Having briefly rallied to $42,389 early yesterday morning to top off a week of gains that had topped 15% at one point, albeit with some familiar volatility along the way, the bitcoin price has given up around 5.5% in past twenty four hours. That’s taken the exchange value of bitcoin back below $40,000 to around $39,539 into late Monday morning.
The cryptocurrency has suffered a major correction in recent months, dropping from a mid-April high of approach $64,000 to lows of under $30,000 on July 20th. A new rally between that recent bottom and the end of the month was catalysed by a spate of new positive comments from prominent bitcoin supporters like Elon Musk, among other factors.
One of those was a job ad placed by e-commerce and cloud computing giants Amazon for a “Digital Currency and Blockchain Product Lead” with the following job description:
“You will leverage your domain expertise in Blockchain, Distributed Ledger, Central Bank Digital Currencies and Cryptocurrency to develop the case for the capabilities which should be developed, drive overall vision and product strategy, and gain leadership buy-in and investment for new capabilities.”
Multiple media outlets, some of them quoting “insider” information, accepted the job ad as evidence Amazon is gearing up to accept bitcoin and other cryptocurrencies as payment. However, not everyone, including FT Alphaville journalist Jemima Kelly, is convinced too much should be read into the job opening.
Amazon itself has denied it is planning any such thing. At least in the near term.
Tesla is, however, ready to resume accepting bitcoin again, having satisfied itself renewable energy sources make up a large enough part of the cryptocurrency’s blockchain’s energy consumption needs. At least that’s what co-founder and chief executive Elon Musk says.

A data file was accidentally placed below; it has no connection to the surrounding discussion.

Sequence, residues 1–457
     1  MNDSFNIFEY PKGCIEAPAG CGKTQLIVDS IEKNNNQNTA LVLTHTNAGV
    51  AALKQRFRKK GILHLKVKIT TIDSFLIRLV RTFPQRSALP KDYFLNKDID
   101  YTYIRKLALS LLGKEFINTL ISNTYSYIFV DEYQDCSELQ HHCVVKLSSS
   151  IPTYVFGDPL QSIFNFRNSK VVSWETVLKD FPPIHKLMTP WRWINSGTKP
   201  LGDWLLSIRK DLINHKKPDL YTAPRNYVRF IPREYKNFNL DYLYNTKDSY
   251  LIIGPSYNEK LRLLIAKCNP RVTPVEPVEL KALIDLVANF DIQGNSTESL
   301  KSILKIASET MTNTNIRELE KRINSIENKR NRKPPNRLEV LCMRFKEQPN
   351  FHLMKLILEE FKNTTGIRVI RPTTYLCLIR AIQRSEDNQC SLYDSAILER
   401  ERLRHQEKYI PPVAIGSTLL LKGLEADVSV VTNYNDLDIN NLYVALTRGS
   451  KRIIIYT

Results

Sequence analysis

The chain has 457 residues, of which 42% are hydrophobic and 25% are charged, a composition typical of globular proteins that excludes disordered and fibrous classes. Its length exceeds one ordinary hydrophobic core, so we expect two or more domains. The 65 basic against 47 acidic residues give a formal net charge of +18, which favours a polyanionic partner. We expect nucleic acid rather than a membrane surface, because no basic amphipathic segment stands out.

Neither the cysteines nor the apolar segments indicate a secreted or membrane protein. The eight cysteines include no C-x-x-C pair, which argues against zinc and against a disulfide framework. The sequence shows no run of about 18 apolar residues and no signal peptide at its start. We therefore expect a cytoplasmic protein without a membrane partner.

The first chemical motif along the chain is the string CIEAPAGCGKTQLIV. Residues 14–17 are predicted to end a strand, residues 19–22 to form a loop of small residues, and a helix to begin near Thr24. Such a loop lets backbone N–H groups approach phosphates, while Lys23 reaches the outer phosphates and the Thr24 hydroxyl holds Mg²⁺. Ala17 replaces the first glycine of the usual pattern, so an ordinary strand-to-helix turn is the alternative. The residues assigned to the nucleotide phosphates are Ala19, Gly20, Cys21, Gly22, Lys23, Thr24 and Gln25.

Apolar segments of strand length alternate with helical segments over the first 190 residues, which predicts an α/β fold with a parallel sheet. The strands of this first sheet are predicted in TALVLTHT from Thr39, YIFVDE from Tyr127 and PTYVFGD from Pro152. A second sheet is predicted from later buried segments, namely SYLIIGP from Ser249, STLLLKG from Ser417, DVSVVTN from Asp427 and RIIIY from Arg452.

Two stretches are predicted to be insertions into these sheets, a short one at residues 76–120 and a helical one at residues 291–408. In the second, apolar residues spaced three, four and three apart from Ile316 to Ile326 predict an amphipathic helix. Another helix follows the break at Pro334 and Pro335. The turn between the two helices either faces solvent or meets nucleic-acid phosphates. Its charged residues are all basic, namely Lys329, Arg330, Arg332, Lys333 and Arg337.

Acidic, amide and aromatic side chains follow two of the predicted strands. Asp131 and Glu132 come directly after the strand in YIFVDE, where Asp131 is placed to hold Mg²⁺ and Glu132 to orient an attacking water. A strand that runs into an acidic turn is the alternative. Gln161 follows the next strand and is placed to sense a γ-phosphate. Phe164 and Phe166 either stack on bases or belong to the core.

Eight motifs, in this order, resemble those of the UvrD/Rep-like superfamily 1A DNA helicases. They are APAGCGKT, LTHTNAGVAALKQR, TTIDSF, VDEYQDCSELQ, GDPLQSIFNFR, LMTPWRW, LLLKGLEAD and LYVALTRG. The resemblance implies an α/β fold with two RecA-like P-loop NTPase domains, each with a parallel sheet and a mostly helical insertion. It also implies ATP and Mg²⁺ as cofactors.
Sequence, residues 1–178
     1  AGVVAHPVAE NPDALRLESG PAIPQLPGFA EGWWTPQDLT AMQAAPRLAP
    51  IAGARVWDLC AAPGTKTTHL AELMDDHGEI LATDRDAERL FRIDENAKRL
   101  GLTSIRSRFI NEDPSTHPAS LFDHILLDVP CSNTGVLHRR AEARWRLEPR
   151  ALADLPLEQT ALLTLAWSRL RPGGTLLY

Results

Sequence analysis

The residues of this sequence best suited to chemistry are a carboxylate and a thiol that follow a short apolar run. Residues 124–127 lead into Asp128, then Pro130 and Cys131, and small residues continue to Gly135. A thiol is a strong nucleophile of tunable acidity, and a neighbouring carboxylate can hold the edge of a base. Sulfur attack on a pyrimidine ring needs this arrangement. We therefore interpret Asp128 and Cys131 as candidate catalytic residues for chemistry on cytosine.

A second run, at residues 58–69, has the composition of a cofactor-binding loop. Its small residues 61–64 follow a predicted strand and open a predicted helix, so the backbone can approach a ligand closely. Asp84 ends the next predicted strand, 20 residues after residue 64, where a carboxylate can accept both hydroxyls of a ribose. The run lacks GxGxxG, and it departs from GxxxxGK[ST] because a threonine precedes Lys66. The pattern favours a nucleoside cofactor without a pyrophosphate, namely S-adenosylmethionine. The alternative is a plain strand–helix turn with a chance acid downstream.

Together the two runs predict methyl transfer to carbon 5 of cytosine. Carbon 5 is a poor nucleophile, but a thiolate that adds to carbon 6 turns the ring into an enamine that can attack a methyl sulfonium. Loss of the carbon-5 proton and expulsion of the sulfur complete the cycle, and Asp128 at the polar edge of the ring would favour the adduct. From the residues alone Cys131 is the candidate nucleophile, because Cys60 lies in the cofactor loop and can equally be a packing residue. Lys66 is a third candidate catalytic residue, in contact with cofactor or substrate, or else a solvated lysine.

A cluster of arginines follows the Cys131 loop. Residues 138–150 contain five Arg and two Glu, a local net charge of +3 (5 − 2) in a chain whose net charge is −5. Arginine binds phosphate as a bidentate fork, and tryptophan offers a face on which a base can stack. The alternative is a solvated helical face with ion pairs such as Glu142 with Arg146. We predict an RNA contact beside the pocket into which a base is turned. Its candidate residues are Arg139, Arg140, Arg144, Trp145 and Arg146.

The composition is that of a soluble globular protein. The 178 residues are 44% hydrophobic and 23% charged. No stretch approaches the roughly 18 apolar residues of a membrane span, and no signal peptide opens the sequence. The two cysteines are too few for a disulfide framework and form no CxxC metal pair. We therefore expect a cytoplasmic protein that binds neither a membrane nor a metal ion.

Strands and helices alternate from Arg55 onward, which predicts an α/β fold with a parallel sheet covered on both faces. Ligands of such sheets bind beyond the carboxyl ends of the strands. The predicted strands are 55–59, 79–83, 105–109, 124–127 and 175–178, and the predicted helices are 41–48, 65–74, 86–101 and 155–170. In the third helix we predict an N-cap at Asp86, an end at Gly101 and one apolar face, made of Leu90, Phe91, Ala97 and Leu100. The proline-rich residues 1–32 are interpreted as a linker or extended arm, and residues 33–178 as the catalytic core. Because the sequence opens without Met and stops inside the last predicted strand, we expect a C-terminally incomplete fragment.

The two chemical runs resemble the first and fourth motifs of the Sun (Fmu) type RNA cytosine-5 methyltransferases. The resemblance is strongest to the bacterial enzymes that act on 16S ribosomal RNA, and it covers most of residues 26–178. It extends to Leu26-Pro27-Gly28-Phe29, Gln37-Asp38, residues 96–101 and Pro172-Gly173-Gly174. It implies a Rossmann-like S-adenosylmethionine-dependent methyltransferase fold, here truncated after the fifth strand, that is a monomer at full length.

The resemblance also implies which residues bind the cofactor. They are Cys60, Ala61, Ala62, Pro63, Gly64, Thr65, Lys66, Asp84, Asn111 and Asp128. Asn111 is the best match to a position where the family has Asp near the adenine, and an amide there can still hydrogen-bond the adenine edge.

Earlier this year he convinced Tesla’s board to change its investment criteria to invest $1.5 billion of the company’s cash-on-hand in bitcoin. Profits on the investment, realised by selling off some of the original holding, contributed $101 million to its bottom line over the first quarter. That accounted for a quarter of the company’s profits – much more than it made from selling electric cars.
The company also made $518 million selling its carbon credits surplus to other manufacturers who produce traditional petrol and diesel engine vehicles.
Despite the questionable motivation and obvious conflict of interests, Musk’s comments on cryptocurrencies and other digital assets have become one of the most influential factors in price movements over recent months. The bitcoin price plunged in May when Musk criticised the amount of electricity used by the digital currency’s blockchain technology and said Tesla would no longer accept it as payment until it was satisfied enough was generated by renewable sources.
This article is for information purposes only.
Please remember that financial investments may rise or fall and past performance does not guarantee future performance in respect of income or capital growth; you may not get back the amount you invested.
There is no obligation to purchase anything but, if you decide to do so, you are strongly advised to consult a professional adviser before making any investment decisions.